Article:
Self-directed trading features $0 commissions on stocks, ETFs and options, although options incur a fee of 50 cents per contract. Ally also offers over 17,000 commission-free mutual funds. If you want to invest in low-priced securities — stocks under $2.00 per share — there’s a minimum $100 investment plus a penny a share fee. There’s no account minimum, and you can trade any time on the mobile app.

Ally Invest Pros and Cons

Pros

  • No trading commissions for stocks and ETFs

  • Low contract fees for options trades

  • Large inventory of commission-free mutual funds

Cons

8. Charles Schwab

  • Account minimum: $0

  • Fees: $0 stock and ETF trades, $ 0.65 for options, $2.25 for futures

  • Account types: Brokerage, IRAs, 401(k), Custodial, 529, Robo-advisor, Wealth Management

Why they were included: Charles Schwab is one of the largest brokers in the world–with a wide range of financial products and account types. If you’re a beginner that wants to get into more active trading, Schwab has multiple platforms to choose from. And with the recent TD Ameritrade acquisitions, traders now have access to world-class trading platform thinkorswim platform–with built-in research, training, and tools for active trading.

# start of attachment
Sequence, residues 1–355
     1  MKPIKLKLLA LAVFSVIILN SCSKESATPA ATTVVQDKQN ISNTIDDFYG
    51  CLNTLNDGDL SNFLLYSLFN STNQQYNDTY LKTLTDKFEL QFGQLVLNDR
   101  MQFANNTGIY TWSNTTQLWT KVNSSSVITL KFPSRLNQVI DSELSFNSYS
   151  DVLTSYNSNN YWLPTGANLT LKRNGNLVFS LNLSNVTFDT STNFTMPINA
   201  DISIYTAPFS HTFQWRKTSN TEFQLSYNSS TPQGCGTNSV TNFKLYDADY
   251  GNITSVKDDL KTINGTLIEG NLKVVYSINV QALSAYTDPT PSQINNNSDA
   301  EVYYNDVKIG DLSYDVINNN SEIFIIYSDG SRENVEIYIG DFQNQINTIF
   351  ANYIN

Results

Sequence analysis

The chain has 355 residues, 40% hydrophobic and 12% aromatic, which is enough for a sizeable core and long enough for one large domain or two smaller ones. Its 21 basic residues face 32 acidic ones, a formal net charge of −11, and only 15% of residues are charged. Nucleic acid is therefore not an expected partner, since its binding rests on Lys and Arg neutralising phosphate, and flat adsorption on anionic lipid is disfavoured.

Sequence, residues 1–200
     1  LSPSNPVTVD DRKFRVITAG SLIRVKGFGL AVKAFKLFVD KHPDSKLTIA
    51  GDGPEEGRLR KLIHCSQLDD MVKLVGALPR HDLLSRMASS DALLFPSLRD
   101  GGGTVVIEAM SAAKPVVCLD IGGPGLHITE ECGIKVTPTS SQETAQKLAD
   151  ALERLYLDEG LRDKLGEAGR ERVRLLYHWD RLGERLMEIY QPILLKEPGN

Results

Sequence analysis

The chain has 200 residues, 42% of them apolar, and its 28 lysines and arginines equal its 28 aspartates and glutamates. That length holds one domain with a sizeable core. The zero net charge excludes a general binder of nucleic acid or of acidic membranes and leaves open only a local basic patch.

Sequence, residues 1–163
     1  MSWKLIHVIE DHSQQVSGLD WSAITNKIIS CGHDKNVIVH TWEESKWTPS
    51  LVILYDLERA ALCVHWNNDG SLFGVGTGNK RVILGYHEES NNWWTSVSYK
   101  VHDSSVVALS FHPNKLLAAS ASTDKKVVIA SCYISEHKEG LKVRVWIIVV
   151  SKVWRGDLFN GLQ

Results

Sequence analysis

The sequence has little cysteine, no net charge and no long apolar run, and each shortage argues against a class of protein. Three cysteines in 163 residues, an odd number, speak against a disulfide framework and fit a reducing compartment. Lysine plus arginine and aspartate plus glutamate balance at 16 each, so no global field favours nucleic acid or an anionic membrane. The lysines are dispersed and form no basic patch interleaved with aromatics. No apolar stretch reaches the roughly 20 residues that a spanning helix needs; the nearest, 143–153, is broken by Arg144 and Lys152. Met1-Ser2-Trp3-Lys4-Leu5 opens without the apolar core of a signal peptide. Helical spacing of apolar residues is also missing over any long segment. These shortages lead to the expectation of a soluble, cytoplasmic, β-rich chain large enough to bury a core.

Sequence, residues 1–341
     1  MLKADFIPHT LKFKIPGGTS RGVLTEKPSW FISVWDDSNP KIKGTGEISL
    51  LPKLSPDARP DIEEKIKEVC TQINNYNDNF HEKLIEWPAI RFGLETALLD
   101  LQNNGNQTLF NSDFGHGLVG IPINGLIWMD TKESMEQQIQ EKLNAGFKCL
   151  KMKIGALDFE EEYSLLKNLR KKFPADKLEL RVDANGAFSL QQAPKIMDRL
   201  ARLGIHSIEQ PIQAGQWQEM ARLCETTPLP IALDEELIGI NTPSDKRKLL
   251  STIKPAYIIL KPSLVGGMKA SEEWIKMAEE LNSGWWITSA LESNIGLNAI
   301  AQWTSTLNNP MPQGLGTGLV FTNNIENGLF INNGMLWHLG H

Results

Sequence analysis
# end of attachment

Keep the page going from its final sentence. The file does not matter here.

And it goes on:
In addition to trading tools and research, Schwab has a large educational library to help new investors get up-to-speed on everything from retirement planning to taxes to options trading.

Schwab offers $0 stock and ETF trades, as well as access to thousands of fee-free mutual funds. Schwab also offers options trading for only $0.65 per contract, and futures trading for $2.25 per contract.

Charles Schwab Pros and Cons

Pros

  • No trading commissions for stocks, ETFs, and some mutual funds

  • Access to many fixed-income investments